I would argue though that building from data is only one approach to mathematical modeling. It’s what the Common Core calls “descriptive modeling.” The other approach, what CCSS calls “analytic modeling” builds on the application of physical law to construct models. For example, if I’m trying to model motion, I’m going to start with Newton’s Laws and leverage those to get a deeper understanding than I can get via data alone.

Love the point about connections between CCSS and NGSS! We should be teaching mathematical modeling in partnership with our science colleagues!

]]>Yes! And that actually makes sense because doing parts is kind of what has already been happening in the name of mathematical modeling. So they’re trying to push that we really really do modeling now – not the lame stuff that has been tagged as modeling in textbooks. Dan’s MT article actually highlights this well.

Given that even in the GAIMME report, the one task featured for elementary level modeling is once again the same old bigfoot problem (which is a nice problem!) that has been done and written about from researchers all around the world, I’ll admit that I’m a bit of a skeptic as to whether or not young children can really Model with Mathematics.

I liken this to proof in mathematics. Past standards documents tend to talk about Reasoning and Proof. In fact, the Sense Making document described reasoning on a continuum with proof being at the higher end of that continuum. With few exceptions, we generally tend to talk about young children explaining, reasoning, or justifying. I think that most people don’t expect young children to engage in proving. I wish that there was some other word or phrase, like reasoning, that we could similarly use to describe “baby modeling” or pre-modeling activities that are perfectly accessible and appropriate for younger children. Instead, the best that we’ve come up with (so far!) is scaffolding it by having students engage in parts of the modeling cycle. That’s not to say students cannot mathematize real-world phenomena – I’m just not sure what genuine Modeling with Mathematics looks like for young kids. And even for older students, it’s definitely challenging to engage in the entire cycle in an authentic way.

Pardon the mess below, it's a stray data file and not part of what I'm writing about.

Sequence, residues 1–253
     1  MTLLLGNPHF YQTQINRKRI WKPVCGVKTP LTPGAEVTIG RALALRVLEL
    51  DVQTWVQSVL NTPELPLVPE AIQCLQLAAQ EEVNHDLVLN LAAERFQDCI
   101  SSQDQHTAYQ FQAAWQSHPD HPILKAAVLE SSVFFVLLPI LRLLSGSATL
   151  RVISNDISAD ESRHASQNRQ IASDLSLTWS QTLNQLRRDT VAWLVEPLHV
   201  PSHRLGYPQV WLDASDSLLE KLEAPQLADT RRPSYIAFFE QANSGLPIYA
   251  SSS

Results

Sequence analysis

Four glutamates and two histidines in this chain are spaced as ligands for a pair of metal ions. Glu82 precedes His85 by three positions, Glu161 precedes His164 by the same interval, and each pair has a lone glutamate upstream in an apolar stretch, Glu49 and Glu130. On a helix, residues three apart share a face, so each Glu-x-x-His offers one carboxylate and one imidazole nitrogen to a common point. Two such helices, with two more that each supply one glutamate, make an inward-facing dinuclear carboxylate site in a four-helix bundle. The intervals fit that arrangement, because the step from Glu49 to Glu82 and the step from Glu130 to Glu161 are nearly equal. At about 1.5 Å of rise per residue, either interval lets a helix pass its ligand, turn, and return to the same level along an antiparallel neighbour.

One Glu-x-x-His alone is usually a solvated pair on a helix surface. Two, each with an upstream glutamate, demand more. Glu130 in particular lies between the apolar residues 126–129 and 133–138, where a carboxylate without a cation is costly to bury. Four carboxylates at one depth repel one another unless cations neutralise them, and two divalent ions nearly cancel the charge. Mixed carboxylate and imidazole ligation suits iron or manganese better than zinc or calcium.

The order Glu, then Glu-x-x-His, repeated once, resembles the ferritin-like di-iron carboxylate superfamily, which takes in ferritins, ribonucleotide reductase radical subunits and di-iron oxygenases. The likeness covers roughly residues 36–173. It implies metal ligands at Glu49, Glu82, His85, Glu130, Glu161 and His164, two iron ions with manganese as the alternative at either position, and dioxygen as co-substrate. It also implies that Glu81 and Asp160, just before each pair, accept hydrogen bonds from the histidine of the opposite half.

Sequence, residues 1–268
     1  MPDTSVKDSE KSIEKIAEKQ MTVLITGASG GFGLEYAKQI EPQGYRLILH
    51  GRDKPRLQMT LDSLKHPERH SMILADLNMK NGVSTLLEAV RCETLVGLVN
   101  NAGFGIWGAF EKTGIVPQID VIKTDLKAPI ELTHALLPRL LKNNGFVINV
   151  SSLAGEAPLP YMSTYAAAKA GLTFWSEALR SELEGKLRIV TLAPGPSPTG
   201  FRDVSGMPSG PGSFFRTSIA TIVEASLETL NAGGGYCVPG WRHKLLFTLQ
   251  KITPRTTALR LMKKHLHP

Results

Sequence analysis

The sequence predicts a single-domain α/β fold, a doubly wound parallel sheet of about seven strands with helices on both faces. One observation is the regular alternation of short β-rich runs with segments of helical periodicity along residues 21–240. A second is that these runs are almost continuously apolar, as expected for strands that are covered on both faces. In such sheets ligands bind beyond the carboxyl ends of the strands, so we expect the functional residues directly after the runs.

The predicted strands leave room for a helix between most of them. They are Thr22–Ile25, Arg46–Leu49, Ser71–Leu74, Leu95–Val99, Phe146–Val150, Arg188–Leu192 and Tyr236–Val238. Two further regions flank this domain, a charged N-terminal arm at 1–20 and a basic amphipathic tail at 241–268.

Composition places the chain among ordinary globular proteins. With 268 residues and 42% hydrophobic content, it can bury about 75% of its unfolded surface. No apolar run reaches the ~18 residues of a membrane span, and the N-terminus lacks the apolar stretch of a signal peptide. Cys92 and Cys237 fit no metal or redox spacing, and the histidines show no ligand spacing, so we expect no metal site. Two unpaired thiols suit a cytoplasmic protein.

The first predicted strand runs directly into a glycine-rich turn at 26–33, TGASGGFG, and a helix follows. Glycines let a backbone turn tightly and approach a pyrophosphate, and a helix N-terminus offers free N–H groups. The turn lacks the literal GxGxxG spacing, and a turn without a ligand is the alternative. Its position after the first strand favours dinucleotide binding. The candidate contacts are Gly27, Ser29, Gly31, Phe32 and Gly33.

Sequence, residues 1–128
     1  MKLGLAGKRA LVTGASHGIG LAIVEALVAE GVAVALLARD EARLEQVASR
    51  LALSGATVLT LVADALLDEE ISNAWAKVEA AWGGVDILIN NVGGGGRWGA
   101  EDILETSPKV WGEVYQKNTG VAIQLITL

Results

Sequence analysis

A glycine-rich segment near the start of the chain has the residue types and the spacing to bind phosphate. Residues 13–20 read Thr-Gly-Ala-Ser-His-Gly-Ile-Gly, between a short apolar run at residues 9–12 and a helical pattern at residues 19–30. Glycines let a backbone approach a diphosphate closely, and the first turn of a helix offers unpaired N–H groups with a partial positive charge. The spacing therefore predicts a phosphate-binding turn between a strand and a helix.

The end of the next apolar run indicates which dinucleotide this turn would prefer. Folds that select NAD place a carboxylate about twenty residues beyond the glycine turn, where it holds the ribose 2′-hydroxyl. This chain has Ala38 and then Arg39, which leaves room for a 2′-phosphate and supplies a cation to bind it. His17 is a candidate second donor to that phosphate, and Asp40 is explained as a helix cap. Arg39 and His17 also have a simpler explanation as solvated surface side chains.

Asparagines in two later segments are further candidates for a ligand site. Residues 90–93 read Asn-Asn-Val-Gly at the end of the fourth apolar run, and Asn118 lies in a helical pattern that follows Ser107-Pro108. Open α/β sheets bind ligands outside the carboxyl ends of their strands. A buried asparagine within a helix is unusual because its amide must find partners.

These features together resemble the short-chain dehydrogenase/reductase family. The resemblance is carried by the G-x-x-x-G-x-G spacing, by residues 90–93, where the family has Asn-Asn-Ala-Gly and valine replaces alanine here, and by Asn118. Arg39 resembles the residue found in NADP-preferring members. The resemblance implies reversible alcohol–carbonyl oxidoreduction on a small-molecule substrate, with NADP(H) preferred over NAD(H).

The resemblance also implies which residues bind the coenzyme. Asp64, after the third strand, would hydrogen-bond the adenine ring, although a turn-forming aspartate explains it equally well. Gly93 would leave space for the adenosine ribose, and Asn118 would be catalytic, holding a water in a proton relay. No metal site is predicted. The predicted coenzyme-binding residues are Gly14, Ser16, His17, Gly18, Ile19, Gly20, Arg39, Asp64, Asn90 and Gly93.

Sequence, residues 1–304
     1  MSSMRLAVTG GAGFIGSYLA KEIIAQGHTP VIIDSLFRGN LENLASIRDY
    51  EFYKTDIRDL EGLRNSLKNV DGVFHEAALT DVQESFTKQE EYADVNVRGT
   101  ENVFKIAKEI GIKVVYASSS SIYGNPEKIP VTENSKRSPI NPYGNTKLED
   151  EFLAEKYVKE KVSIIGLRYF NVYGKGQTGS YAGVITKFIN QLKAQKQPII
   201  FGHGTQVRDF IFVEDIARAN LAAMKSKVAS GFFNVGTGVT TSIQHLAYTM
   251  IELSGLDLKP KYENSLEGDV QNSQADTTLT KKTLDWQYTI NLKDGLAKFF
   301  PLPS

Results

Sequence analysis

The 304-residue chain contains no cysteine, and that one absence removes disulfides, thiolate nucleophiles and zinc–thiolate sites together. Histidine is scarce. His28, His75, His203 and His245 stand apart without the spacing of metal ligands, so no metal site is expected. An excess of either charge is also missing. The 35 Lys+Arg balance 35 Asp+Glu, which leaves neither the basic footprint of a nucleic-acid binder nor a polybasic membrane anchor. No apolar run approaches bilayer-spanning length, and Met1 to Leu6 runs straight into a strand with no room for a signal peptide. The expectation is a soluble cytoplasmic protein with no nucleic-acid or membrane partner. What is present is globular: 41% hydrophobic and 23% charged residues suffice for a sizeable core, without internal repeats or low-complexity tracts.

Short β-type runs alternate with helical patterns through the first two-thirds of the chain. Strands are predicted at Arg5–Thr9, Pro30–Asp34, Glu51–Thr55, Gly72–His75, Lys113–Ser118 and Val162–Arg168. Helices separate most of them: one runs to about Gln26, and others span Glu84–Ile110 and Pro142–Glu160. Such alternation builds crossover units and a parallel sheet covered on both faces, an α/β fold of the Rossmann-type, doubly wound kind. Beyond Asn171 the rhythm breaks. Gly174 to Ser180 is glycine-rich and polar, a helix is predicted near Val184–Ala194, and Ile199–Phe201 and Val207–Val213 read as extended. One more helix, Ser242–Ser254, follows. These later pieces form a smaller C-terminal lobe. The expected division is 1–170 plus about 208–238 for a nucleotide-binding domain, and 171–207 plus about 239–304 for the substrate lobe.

]]>I explored a little bit of this idea in:

http://modelwithmathematics.com/2015/08/what-exactly-is-a-thought-tool/

Michelle and I have spent a lot of time thinking about the thought tools that mathematical modelers wield and how one learns to wield them. Note, this notion of thought tool is exactly the same as thinking of having students experience parts of the process of mathematical modeling.

I think the GAIMME and COMAP folks, etc., are partially reacting to a fear that people will only do parts and then, only the easy parts. Plus, as far as I can tell from the literature, there is not a great consensus on what the core competencies really are for mathematical modeling. Folks in Germany have done some great work in this area, but still, feels incomplete. But, that is no excuse for not having students experience parts! Although, I too, always feel it necessary to add the caveat that it has to be building to the whole and that both teachers and students need to understand that as well. Also, I guess I’d add that we need to make sure that teachers understand that when they’re doing parts, they’re doing parts, not mathematical modeling. See, I sympathize a bit with the fear that comes through in GAIMME and COMAP etc.!

]]>I’m responding to Avery’s question above. He’s opened up that possibility.

> I think if you imagine holding up that model to the modeling cycle you’ll see where one need not engage in the process of mathematical modeling to construct or use such a model.